The Border Collie is known to be the best herding dog breed. They are extremely intelligent, athletic, and energetic.  They have a sharp eye as needed to heard cows, goats, sheep.

Imagine they can do this all with a ‘look’.  On the farm, this eye is a god send to farmers, to a recretional owner, you must understand the ‘eye ‘ and learn how to understand your Border Collies natural instincts.

They excel in obeidence and can be when trained correctly, exceptionally fast learners.  They tend to want to please thier owner.  When you build that relationship, you will have a dog that will follow your direction without hesitation.

This is a working breed.  While they are now entwined in traditional homes, it is valuable to understand their natural instincts.

The Working Line

Our line does come from a working line.  They do have strong eyes and still carry traditional behaviours unlike some of their show counterparts.  If you’re interested in learning about the true hearding line, this video while lengthy is excellent!

This video is not only about thier strengths but she does a great job at sharing they core characteristics.  Whether they are working or not, understanding this will ensure you have a solid understanding of your border collie.



Origin of The Border Collie Breed


The Border Collie as a breed was originated in Northumberland, a place on the very border of England and Scotland. The breed is developed for the purpose of herding livestock, especially sheep. The name “Border Collie” came from the simple fact the breed had been developed in a place on the Anglo-Scottish border.

All Border Collies today are known to be descents of the Old Hemp, a tri-color dog that was bred by Adam Telfer. Old Hemp was a smart, quiet dog used by many shepherds as he was well known as the best herding dog around.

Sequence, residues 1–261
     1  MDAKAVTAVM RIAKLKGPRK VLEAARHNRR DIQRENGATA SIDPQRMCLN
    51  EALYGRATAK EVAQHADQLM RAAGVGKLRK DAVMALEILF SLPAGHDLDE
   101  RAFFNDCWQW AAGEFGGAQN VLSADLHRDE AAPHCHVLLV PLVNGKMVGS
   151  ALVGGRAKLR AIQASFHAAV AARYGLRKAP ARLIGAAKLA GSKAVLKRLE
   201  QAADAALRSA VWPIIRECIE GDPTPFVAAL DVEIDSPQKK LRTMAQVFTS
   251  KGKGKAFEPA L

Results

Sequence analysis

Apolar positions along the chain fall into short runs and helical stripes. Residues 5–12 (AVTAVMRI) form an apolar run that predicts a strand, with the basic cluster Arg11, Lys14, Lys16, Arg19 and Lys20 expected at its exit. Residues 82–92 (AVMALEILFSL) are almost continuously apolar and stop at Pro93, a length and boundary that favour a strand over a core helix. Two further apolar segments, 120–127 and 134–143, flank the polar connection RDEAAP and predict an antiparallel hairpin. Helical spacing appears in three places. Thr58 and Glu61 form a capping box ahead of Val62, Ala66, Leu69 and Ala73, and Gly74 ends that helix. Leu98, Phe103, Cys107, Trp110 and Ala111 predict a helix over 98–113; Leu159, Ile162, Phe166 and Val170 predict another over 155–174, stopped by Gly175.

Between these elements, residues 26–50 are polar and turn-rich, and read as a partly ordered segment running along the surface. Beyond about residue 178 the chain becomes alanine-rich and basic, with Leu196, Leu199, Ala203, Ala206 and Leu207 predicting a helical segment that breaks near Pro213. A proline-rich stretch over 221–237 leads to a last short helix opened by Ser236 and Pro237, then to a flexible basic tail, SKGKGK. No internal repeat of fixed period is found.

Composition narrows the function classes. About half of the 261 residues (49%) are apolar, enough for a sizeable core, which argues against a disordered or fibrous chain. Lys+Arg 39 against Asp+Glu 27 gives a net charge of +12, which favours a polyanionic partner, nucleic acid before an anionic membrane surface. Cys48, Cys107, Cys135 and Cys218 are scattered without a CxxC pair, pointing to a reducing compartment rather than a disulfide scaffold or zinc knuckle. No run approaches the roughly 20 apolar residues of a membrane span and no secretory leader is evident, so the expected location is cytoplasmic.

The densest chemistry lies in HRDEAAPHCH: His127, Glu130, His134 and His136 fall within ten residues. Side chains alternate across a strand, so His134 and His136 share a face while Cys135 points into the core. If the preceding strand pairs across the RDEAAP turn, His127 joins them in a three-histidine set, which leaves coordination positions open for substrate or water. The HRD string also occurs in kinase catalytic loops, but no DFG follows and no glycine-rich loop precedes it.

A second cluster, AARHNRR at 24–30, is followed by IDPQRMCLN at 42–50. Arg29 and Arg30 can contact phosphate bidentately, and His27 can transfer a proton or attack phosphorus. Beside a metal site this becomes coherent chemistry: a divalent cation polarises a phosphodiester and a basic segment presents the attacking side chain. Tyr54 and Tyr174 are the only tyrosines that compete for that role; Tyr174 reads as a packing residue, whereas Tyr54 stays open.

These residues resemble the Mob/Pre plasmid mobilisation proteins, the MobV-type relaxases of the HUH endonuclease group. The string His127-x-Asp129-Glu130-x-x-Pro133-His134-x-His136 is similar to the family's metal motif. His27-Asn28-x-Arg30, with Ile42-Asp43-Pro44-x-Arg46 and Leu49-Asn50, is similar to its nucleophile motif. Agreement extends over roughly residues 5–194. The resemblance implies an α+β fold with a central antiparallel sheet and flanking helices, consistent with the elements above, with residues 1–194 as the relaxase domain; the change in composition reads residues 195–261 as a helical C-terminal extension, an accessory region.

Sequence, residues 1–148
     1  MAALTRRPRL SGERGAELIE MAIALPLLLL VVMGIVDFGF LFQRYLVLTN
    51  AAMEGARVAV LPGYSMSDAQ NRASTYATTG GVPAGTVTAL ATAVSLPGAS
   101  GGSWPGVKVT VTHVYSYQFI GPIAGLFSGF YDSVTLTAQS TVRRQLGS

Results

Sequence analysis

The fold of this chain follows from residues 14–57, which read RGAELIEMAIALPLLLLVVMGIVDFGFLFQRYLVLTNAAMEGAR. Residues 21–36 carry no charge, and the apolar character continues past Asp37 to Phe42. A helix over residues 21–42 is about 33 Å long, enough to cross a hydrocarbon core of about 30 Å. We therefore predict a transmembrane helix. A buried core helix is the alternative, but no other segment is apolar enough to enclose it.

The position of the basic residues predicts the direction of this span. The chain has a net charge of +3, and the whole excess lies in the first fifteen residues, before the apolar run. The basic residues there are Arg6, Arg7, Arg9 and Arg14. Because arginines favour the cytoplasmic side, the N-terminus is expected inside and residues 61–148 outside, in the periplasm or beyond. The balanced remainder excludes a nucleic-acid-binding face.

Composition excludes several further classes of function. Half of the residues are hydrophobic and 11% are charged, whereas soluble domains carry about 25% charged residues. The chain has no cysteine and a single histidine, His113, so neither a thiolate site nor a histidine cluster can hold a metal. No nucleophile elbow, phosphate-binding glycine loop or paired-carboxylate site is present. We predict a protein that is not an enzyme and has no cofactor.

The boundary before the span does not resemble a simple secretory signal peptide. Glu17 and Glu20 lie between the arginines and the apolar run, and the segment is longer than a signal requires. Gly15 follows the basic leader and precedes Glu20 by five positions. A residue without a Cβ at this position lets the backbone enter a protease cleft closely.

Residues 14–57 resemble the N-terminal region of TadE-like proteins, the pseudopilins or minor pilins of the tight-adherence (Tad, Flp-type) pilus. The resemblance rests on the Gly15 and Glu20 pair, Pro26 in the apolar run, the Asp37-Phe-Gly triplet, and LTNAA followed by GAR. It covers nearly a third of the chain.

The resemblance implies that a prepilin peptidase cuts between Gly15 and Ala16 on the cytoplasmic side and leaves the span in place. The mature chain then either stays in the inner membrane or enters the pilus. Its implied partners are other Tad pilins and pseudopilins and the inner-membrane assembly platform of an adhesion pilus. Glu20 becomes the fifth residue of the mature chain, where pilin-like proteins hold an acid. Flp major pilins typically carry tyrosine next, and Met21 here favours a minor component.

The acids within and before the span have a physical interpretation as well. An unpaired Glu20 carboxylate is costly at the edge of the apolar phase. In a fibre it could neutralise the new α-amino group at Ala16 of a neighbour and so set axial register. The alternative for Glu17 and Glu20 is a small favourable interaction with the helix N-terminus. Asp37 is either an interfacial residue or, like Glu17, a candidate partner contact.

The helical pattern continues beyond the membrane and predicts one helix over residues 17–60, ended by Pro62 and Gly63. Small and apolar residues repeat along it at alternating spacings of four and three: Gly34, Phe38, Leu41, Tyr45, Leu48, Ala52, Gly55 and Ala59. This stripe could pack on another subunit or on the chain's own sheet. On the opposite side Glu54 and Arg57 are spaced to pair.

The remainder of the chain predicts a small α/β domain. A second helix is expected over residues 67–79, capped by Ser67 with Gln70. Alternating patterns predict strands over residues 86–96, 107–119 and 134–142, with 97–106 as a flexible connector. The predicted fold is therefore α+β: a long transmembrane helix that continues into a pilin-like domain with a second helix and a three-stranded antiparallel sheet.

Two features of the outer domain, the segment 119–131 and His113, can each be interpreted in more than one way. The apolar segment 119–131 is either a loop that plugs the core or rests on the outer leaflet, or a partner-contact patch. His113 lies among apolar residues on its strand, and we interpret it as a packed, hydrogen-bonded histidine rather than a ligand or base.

The first time the term “Border Collie” was used was in 1915 by the Secretary of the International Sheep Dog Society James Reid, naming the breed in order to register them as a separate breed along with other Collie breeds already registered. Although the breed didn’t have its present name up till then, Border Collies had worked with and helped many shepherds around the border area of England and Scotland for hundreds of years and with great success, well known for their herding qualities and intelligence.

The Border Collie didn’t become popular until the very end of the 19th century, when they were presented at the first official sheep dog trial placed in Bala, Wales, when Old Hemp won the trial first time in 1984 and continued with his winning prestigious competitions, so we basically have this amazing dog to thank for all the popularity and fame the Border Collie has today.



People started adopting Border Collies as they became known for their intelligence and instinctive and honest desire to work with humans. The basic role of these dogs indeed is working with stock, but they have become popular as house pets as well, as they are very energetic, playful and smart, and generally a lot of fun to be around.

The Border Collie  need to be played with, and they need plenty of stimulation on daily basis. They can be demanding pets, but in an appropriate home with an owner willing to make the best out of his energetic and playful dog, the Border Collie can be the perfect dog.

For active homes, the opportunity for agility, sports and nose work is endless.

Just check out some of what they are capable of!

Training of the Border Collie should start early, while they are still puppies, simply because it is easier to train a dog while it’s brain is still developing. They are very popular among trainers because they are obedient and very enthusiastic when it comes to working with people, and as said before, they are very intelligent and always happy to learn new things, so they are very easy to work with, and the dog trainers love them.

Having said that “Good neighbour” training is critical.  Sometimes this breed can be ‘snobby’, they don’t always want to engage with other dogs and they can appear aggresive if you don’t understand their cues.  An “eye” or ‘stare” is a warning from a border collie.  They use it to tell the other dog to stay out of their ‘personal space’ much like they would in a farm setting.   To ensure you have a social Border Collie we highly recommend starting training and always incorporating ‘good neighbour’ practices early to ensure your dog learns how to engage succesfully with other dogs in a social enviornment.